A Poetry Handbook by Mary Oliver

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This 122-page book on the subject of reading and writing poetry, one could say, enacts its subject matter.  Not a word is wasted.  It trusts that the reader has come to the text with an open heart and a desire to engage fully.  It was written in 1994, so I’m late in reading it.  But better late…

Oliver’s Table of Contents speaks for itself:  Getting Ready; Reading Poems; Imitation; Sound; More Devices of Sound; The Line; Some Given Forms; Verse That is Free; Diction, Tone, Voice; Imagery; Revision; Workshops and Solitude.  Every point she makes is accompanied by an example, which is key to understanding.  Her language avoids unnecessarily academic terminology without shying away from relatively complicated things such as meter.

As a sometime writer of poetry, I appreciated her advice as to certain practices which are inappropriate in almost any poem:  1) Poetic Diction (language in which all freshness is gone); 2)  The Cliche (unless you are writing a poem about the cliche); 3) Inversion [changing the normal word order for an indefensible purpose–say, you are manipulating things to put the only thyme you can think of at the end of a line? :)]; 4) Informational Language (say, the language you’d use to describe how to operate a can opener:  cold,  not reaching beyond the functional.)

Well, now, that’s probably more than you wanted to read about poetry, if you’re still reading.  I recommend this book to anyone who does engage with, or is interested in engaging with poetry.  You won’t be disappointed, AND you will want to do something about it!

10 comments on “A Poetry Handbook by Mary Oliver”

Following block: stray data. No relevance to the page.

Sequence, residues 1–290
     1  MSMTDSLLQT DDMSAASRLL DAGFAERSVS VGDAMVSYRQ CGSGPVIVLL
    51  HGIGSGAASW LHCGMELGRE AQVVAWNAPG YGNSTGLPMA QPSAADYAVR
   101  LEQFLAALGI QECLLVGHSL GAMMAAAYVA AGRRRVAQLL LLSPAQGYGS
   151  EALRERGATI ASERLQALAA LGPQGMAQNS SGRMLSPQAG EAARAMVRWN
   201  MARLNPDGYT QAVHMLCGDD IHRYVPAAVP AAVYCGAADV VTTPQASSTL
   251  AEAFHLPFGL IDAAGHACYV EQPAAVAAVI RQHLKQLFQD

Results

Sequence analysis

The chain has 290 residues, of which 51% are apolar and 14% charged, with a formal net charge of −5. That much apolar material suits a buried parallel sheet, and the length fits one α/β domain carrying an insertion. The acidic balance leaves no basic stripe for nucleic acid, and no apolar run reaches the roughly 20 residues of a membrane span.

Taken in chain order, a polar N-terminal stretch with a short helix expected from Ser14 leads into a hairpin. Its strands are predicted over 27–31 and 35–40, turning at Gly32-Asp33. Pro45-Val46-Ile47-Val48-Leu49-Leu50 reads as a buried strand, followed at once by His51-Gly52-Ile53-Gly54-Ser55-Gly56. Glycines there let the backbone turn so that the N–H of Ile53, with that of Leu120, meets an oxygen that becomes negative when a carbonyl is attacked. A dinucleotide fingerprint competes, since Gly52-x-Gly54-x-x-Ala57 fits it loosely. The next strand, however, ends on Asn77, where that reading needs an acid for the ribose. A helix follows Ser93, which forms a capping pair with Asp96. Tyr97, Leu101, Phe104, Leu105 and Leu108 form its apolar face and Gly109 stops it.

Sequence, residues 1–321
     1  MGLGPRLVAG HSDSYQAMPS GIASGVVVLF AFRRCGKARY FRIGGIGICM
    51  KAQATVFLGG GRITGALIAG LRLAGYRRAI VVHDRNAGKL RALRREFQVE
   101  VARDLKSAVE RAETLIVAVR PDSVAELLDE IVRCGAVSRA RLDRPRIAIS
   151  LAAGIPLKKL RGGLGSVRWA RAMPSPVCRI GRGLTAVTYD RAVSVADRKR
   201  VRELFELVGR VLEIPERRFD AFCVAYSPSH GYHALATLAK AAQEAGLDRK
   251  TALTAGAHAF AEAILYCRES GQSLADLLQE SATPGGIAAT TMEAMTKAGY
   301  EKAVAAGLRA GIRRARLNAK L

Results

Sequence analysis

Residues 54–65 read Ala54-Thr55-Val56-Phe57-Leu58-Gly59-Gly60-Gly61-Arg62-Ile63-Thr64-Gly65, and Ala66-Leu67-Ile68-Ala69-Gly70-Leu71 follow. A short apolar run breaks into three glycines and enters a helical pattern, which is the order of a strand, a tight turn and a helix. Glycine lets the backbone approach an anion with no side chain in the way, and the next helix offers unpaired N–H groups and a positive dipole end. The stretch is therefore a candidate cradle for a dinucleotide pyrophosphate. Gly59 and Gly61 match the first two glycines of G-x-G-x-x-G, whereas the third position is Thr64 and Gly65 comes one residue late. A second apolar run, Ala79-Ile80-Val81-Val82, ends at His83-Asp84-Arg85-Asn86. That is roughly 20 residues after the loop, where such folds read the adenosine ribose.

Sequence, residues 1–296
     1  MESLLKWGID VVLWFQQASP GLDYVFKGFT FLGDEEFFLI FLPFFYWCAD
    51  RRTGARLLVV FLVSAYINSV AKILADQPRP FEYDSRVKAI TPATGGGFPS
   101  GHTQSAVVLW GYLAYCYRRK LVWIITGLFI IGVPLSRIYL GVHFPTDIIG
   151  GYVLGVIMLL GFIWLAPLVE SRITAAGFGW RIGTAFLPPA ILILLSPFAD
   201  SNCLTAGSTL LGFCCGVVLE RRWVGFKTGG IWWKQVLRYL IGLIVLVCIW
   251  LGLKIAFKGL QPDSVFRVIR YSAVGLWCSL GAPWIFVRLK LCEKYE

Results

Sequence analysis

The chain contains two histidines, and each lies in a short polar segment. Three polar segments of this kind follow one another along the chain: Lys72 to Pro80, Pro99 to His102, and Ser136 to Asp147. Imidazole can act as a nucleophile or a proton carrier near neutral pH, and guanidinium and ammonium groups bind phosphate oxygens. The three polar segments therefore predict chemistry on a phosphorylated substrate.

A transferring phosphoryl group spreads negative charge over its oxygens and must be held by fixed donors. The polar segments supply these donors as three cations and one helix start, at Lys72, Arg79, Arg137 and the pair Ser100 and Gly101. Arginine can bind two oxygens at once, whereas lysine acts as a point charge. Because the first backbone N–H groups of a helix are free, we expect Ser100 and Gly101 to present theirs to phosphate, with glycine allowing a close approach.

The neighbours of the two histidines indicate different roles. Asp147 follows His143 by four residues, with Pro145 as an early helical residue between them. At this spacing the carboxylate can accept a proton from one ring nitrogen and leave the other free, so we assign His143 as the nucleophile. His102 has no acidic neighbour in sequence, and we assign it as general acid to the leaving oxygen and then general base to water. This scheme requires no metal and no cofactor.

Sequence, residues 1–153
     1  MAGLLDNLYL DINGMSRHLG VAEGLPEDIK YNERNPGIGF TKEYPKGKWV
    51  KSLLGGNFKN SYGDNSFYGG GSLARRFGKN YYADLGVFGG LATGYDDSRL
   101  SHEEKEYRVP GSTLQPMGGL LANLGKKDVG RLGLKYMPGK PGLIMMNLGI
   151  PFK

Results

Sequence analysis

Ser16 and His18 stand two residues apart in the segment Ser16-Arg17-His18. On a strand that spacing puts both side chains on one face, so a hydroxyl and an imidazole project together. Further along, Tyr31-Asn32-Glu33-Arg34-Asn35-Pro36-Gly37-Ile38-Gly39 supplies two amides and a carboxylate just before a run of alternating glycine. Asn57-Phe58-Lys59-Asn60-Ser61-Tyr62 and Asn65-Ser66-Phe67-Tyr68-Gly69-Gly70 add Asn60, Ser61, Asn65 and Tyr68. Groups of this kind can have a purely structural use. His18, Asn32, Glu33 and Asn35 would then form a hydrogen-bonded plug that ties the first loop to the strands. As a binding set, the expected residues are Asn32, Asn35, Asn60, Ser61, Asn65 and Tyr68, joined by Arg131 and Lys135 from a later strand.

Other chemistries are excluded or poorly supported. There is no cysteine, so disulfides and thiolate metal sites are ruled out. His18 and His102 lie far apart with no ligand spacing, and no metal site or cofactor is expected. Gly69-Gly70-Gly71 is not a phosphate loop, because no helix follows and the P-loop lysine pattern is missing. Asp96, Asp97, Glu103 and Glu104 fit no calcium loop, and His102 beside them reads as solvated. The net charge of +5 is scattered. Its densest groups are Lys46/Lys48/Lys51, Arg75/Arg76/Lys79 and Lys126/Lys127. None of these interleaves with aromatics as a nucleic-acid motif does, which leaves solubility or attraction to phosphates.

1. Oh, goody, Barbara–I love interviews with poets! Thank you for this. I think Mary Oliver has opened many hearts. So beautifully put.

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      1. I like the uncut interviews. They are longer, but I feel like I’m there. Coughs…are not edited out. Imperfect and more natural..

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    2. Barbara, Mary Oliver says in this interview something like this: Writing with attentiveness, but without emotion, is just a report. I hope that sticks with me.

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      1. I grew up in the 50’s and was formed by a culture that taught me that it was important to repress emotions and “report” THE TRUTH (especially as a woman). During my graduate education at UTS (1988-91), I had to do lots and lots of writing. I would receive feedback that I needed to write in “my own voice.” It took me a long time to realize that meant I needed to really dig deep to uncover all those repressed emotions and have the courage to express them. Integrating my thoughts and feelings is an ongoing challenge at almost 72. Mary Oliver’s advice is succinct and wise.

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      2. Barbara, Emily Dickinson is on my mind these days. Proto-modernist, proto-feminist. Your comment pointed me to poems such as “She rose to His Requirement” which we have scheduled for discussion in ModPo. Also “My Life had stood — a Loaded Gun” and “Tell all the truth but tell it slant.” Have you read them?

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